Legislation introduced Wednesday aims at streamlining the execution process in North Carolina.
The measure by Sen. Thom Goolsby, R-New Hanover, seeks to make several changes to laws governing the administration and appeal of capital punishment. It also includes doing away with the state's Racial Justice Act.
The 2009 law allows those sent to death row to seek having their sentences commuted to life in prison without the possibility of parole if they can convince a judge racial prejudice played a role in their conviction.
Flanked by prosecutors from across the state, Goolsby decried that none of the 152 inmates on North Carolina's death row have been executed since 2006 due to various state and federal legal appeals.
"Victims' families have suffered for far too long and it's time to stop the legal wrangling and bring them peace and closure, finally, in their cases," said Goolsby, a criminal defense and personal injury lawyer from Wilmington. "We owe it to these families of murder victims across North Carolina to impose the punishment that our laws require."
Though the changes would clearly impact future cases, it was not immediately clear what, if any, effect the new legislation would have on speeding up pending death penalty appeals.
In 2009, a state Supreme Court allowed doctors to oversee executions, as required by state law. A state Medical Board rule had prohibited doctors from doing so. Goolsby's bill would codify that ruling in state law and extend the same protections to nurses and pharmacists.
Last summer, the Republican-controlled legislature overrode a gubernatorial veto to enact changes that sharply weakened the state's Racial Justice Act. Supporters of the act say the 2012 revisions effectively gutted the original law.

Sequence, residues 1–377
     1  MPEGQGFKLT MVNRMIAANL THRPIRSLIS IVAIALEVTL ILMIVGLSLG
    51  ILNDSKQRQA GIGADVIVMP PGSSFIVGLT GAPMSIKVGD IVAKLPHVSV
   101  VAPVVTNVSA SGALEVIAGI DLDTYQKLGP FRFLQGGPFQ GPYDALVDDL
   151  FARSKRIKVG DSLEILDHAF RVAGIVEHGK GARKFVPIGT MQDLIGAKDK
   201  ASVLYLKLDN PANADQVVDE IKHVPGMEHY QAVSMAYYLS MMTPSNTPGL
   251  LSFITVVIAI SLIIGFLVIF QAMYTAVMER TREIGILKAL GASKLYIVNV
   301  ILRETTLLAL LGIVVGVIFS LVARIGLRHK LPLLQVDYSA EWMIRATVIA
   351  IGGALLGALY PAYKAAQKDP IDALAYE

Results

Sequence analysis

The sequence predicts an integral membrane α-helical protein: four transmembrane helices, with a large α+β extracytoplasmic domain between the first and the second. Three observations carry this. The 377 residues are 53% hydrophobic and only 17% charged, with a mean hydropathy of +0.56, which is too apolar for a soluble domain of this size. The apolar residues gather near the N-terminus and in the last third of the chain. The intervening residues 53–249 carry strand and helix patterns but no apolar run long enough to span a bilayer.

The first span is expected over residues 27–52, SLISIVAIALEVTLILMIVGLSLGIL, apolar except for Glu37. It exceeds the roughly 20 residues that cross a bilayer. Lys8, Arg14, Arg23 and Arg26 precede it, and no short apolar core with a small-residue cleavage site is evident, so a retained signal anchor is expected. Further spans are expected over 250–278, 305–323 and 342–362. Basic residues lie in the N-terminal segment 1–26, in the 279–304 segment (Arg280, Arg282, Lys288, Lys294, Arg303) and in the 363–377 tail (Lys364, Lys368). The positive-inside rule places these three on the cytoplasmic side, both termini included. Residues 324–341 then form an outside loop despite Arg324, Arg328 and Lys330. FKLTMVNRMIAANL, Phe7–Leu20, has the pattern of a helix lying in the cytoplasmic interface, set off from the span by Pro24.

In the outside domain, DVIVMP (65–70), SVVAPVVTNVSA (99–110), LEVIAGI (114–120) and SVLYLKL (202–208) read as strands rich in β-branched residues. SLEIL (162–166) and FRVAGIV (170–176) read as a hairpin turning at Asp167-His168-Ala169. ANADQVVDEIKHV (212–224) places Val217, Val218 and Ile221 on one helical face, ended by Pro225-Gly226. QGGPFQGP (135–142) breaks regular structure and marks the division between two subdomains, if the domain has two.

But it is still being debated in the courts whether inmates who filed appeals under the 2009 version of the law will have their cases judged under the old standard or the new.
Goolsby's bill would also require the state's attorney general to report to legislators each year on the status of all death penalty appeals in the state and establish a timeline for execution when those appeals are exhausted. The bill also directs the state's Public Safety secretary to develop the "most humane and constitutionally sound" method possible to conduct lethal injections and train a team to carry out executions.
"It does a number of things to make sure we don't have any roadblocks in carrying out justice in this state," said Goolsby, who chairs the Senate committee for justice and public safety appropriations.
Attorney General Roy Cooper said Wednesday his office is working to uphold the death penalty. Many of the current appeals are in federal court, beyond the reach of state legislative action.
"Capital punishment in North Carolina currently faces several legal barriers that our lawyers are fighting in both state and federal courts," said Cooper, a Democrat. "It remains the law of the land and we will continue to do our duty to uphold it."
New Hanover District Attorney Ben David, the current president of state Conference of District Attorneys, reiterated the organization's long opposition to the Racial Justice Act and expressed support for Goolsby's bill. He said other laws and procedures protecting the rights of those accused of murder are sufficient.
"We believe that the safeguards that are in place under the constitutional protections ... ensure that fair process," David said.
The executive director of the Raleigh-based anti-death penalty group Murder Victims' Families for Reconciliation said legislators should instead focus on providing better funding for victims' services and equipping law enforcement officers with the resources needed to crack unsolved cases.
"Too much time, talent and treasure goes into the very few cases that ever result in a death sentence," Scott Bass said in a statement. "North Carolina can do far better to serve victims' families than restarting executions."
Goolsby was joined by families of murder victims in unveiling his bill.
Marsha Howell's 17-year-old daughter was slain in 1992 by the girl's boyfriend. Howell's then 15-year-old son was also shot in the head, but survived.
The man convicted of the crime, William Christopher Gregory, has lived on death row since August 1994.
"Who worries about whether the lethal injection makes him suffer a little bit?" said Howell, who is from Mocksville. "Let him suffer! I have suffered for 21 years. And I'm tired."